In the wake of Friday’s 5-4 decision by the Supreme Court in the marriage case, Obergefell v. Hodges, many of the millions of Americans who voted to define marriage as an exclusively male-female institution in their state constitutions will be wondering: What does this mean for me?
If five judges on the Supreme Court have pronounced, in a breathtaking presumption of power, that all 50 states must redefine marriage, what does that mean for the countless institutions within our civil society—churches and synagogues, charities and adoption agencies, counseling services and religiously affiliated schools—that are made up of American citizens who believe marriage is the union of one man and one woman?
Will federal government agencies follow the heavy-handed approach taken by the present majority of Supreme Court justices—say, by revoking the non-profit, tax-exempt status of faith-based schools that continue to operate on the basis of their religious beliefs about marriage?
Nowhere in the majority’s 28-page opinion will you find a reliable answer to these questions. In his dissent, Chief Justice John Roberts explains why.
“Federal courts are blunt instruments when it comes to creating rights,” Roberts writes, because “they do not have the flexibility of legislatures to address concerns of parties not before the court or to anticipate problems that may arise from the exercise of a new right.”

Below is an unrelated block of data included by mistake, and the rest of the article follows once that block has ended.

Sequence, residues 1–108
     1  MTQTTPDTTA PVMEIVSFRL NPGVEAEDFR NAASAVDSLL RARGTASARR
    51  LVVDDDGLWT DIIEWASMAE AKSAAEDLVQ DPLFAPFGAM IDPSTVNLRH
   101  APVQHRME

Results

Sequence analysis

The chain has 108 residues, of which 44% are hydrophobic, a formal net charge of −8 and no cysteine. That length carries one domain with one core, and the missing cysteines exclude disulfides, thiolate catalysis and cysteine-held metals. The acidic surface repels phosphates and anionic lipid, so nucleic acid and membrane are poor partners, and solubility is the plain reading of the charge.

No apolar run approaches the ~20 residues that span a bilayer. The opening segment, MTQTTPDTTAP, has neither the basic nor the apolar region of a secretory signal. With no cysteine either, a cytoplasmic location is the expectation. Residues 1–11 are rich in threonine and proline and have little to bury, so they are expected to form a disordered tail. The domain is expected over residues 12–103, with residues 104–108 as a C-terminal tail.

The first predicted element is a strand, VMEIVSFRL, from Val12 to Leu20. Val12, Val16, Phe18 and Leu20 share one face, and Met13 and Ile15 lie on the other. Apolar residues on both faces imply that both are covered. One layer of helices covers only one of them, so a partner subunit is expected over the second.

It’s true that Justice Anthony Kennedy, writing for the majority, acknowledges—as if in passing—that “The First Amendment ensures that religious organizations and persons are given proper protection as they seek to teach the principles that are so fulfilling and so central to their lives and faiths,” including their conviction that marriage is the union between one man and one woman.
But this may prove to be little consolation for those who have conscientious objections to the redefinition of marriage. For the remainder of Kennedy’s opinion, like much of today’s jurisprudence, is based on the pretension that the role of judges is not merely to resolve cases and controversies in the law, but to apply their own “reasoned judgment” to define for each successive generation the “nature of injustice” and divine the “meaning” of liberty.
That’s why I recently introduced a bill, with Rep. Raul Labrador, R-Idaho, in the House, called the First Amendment Defense Act that would prevent any agency from denying a federal tax exemption, grant, contract, accreditation, license, or certification to an individual or institution for acting on their religious belief that marriage is a union between one man and one woman.
In light of the Supreme Court decision, Congress must move swiftly to pass the First Amendment Defense Act and clarify in federal law what five justices left ambiguous in their legal opinion: that the right to form and to follow one’s religious beliefs is the bedrock of human dignity and liberty that must be forcefully defended from government interference.